General Condition Information
- Medium chain 3-ketoacyl-CoA thiolase deficiency
- Medium chain ketoacyl-CoA thiolase deficiency
- Medium-chain 3-ketoacyl-CoA thiolase deficiency
- Medium-chain keto acyl-CoA thiolase deficiency
- Medium-chain ketoacyl-CoA thiolase
It is unknown how many babies are born with this rare condition each year in the United States.
What is Medium-chain ketoacyl-CoA thiolase deficiency
Medium-chain ketoacyl-CoA thiolase (MCKAT) deficiency is a condition that prevents the body from breaking down certain fats and turning them into energy. If the body does not make enough energy from fat, substances build up in the blood and can cause serious health problems.
Newborn Screening and Follow-Up
Newborn screening for MCKAT deficiency is done using a small amount of blood collected from your baby’s heel. To learn more about this process, visit the Blood Spot Screening page.
During screening, a special machine measures how much of certain substances (called acylcarnitines) are in your baby’s blood. Your body produces these substances when it makes energy from fats. Babies with high levels of these substances might have MCKAT deficiency.
If your baby’s blood spot screening result for MCKAT deficiency is out-of-range, your baby’s health care provider will contact you. Together, you will discuss next steps and follow-up plans.
An out-of-range screening result does not mean that your baby definitely has the condition. It does mean that your baby needs more follow-up testing. To learn more about screening results, visit the Blood Spot Screening Results page.
Your baby may need blood and/or urine tests if they have an out-of-range screening result.
You should complete any recommended follow-up testing as soon as possible. Babies with this condition can have serious health problems soon after birth if they are not diagnosed and treated quickly.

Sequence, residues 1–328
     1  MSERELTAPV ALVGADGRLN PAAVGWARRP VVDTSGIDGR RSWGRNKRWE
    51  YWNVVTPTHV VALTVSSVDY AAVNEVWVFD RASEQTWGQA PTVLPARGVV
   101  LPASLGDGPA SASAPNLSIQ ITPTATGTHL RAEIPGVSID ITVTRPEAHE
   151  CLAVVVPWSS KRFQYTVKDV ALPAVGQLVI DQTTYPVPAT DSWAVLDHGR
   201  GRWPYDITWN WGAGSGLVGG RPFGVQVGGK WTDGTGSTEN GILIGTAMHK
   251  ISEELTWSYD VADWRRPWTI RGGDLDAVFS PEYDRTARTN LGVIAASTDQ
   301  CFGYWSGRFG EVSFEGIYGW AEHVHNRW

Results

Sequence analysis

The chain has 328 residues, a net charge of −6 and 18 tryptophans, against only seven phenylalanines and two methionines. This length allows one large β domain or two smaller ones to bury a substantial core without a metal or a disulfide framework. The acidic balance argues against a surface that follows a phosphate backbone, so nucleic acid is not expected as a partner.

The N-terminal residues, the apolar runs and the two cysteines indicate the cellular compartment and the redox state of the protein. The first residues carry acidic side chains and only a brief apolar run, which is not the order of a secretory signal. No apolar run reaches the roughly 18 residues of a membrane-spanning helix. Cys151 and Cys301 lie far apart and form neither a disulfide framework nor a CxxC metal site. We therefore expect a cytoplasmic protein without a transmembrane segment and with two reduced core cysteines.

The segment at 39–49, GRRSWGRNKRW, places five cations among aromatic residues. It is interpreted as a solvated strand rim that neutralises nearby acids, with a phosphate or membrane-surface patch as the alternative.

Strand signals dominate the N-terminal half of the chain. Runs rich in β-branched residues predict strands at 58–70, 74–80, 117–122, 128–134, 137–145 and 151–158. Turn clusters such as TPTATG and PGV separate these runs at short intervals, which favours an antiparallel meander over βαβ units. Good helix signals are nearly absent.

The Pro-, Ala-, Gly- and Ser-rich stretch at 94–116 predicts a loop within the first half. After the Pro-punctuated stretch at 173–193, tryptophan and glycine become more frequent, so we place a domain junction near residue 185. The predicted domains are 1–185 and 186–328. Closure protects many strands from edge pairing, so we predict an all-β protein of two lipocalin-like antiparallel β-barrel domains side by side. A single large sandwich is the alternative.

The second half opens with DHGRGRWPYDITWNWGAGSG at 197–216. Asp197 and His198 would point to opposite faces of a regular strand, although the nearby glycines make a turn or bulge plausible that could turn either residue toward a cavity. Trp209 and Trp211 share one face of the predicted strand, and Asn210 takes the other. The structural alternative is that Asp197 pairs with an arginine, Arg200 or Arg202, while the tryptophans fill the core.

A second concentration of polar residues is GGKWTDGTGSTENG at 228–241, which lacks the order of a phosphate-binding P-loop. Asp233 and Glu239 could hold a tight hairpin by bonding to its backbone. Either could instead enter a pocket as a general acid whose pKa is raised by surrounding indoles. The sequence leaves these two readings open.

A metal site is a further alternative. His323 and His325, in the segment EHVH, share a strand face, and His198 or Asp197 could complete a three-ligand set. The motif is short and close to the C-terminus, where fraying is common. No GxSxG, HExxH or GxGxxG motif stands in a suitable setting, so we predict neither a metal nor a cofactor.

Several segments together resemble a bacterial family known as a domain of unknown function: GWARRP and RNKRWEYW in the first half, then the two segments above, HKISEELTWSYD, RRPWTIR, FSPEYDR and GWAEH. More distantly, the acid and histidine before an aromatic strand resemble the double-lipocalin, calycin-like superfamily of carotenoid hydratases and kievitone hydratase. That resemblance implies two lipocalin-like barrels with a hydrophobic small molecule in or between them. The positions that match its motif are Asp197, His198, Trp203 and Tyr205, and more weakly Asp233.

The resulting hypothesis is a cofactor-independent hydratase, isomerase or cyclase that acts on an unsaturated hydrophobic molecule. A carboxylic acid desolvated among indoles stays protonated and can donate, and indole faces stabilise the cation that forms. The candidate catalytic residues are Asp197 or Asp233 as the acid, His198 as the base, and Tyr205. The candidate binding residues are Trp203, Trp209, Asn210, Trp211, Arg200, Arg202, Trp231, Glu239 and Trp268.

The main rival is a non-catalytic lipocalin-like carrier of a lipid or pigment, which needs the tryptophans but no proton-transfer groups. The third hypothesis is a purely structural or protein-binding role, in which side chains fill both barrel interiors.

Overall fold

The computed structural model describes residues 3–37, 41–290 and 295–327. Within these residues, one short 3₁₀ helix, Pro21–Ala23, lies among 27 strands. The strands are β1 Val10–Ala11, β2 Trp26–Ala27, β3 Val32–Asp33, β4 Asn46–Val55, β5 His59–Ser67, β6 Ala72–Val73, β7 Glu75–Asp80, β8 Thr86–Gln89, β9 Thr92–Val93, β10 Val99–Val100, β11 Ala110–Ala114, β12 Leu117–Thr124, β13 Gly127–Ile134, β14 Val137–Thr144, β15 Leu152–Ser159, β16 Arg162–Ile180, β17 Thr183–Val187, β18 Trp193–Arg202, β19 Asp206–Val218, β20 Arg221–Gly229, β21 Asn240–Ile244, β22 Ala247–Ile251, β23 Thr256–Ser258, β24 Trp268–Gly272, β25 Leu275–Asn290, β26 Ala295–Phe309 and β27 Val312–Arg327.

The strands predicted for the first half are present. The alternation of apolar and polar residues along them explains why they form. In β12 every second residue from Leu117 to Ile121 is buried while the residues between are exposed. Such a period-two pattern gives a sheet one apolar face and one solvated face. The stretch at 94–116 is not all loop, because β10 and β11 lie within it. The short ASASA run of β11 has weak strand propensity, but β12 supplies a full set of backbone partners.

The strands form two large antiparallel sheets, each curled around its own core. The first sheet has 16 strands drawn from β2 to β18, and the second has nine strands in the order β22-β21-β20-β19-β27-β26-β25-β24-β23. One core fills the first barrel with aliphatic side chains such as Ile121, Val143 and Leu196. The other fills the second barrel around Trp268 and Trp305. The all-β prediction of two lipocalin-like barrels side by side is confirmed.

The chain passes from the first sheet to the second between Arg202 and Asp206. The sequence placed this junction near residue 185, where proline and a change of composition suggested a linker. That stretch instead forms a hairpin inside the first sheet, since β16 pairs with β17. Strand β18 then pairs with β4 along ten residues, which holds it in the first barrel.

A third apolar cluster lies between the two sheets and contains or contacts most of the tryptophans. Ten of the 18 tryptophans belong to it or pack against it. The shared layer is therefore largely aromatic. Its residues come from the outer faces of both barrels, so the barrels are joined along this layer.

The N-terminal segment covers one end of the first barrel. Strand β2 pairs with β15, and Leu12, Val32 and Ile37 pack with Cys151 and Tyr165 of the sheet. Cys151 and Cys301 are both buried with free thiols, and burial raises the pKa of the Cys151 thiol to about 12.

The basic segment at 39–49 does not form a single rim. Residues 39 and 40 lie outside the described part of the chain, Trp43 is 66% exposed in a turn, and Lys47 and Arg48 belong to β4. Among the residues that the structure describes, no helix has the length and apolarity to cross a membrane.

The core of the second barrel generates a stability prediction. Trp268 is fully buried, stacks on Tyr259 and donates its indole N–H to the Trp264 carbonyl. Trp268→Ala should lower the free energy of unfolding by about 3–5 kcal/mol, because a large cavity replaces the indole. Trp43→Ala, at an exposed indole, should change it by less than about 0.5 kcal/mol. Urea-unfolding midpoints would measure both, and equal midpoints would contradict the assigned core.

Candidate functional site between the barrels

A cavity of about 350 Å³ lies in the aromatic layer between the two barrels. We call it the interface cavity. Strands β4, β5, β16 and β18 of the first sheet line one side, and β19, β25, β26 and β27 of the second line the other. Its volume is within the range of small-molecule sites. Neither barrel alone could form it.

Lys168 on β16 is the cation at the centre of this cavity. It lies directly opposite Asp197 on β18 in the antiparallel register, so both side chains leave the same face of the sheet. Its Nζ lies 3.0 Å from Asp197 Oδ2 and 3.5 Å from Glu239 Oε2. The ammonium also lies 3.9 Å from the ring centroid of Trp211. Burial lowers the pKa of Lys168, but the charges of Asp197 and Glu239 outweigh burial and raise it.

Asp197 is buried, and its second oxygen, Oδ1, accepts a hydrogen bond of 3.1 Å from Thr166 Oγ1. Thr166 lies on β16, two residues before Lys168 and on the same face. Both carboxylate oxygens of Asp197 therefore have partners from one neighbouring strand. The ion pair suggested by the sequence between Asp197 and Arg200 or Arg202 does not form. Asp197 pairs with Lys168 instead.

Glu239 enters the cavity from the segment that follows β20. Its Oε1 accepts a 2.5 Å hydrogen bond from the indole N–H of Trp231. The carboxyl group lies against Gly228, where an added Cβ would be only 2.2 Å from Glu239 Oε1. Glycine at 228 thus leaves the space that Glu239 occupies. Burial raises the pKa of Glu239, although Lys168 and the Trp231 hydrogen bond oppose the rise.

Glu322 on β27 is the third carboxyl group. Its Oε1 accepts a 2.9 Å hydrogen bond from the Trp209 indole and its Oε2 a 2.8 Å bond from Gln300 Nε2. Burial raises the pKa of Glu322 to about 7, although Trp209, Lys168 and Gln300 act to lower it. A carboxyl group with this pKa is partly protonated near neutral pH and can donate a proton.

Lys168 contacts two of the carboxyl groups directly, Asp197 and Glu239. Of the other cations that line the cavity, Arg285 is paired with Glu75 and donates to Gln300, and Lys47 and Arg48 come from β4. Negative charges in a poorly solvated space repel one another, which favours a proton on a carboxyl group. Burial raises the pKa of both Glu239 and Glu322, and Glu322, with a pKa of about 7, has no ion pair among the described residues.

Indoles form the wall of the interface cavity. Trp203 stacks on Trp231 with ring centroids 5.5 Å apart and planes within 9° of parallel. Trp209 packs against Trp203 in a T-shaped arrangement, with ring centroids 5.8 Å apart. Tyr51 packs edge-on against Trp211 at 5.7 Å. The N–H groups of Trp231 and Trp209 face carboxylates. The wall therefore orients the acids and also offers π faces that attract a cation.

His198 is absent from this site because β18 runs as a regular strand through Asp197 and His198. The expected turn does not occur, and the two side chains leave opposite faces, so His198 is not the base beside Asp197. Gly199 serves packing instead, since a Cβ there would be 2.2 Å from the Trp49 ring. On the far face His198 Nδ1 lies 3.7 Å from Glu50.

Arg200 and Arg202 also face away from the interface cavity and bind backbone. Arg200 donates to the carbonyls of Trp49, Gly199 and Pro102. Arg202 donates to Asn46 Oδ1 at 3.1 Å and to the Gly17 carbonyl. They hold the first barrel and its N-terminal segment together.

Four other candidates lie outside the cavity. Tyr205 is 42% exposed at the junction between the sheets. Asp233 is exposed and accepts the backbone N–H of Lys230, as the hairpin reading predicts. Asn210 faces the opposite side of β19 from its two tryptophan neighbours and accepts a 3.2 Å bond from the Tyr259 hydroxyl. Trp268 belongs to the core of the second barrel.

There have been only very few reported cases of this condition, so there is no information on false-positive newborn screening results.
Newborn screening helps babies lead healthier lives. If your baby has an out-of-range result, follow up with your health care provider quickly. It is important to follow their instructions. Your baby may need to get treatment right away, even if they are not showing signs or symptoms. In some cases, your baby’s health care provider may decide it is best to watch (monitor) your baby to decide next steps. Careful monitoring and early treatment will help your baby stay as healthy as possible.
Most of what is known about MCKAT is from one reported case. In this case, signs of the condition began showing when the baby was 2 days old.
Signs of the condition may include the following:
In MCKAT deficiency, the medium-chain ketoacyl-CoA thiolase enzyme is not working correctly. This enzyme helps the body break down certain fats. When the MCKAT enzyme does not work, substances called “medium chain fatty acids” build up in the body. The buildup of medium chain fatty acids leads to the signs and symptoms of the condition.
Treatment and Management
The goal of treatment is to prevent the health problems caused by this condition. MCKAT deficiency is so rare that there are no standard treatments. It is important to talk to your health care provider about treatment(s) that are best for your baby.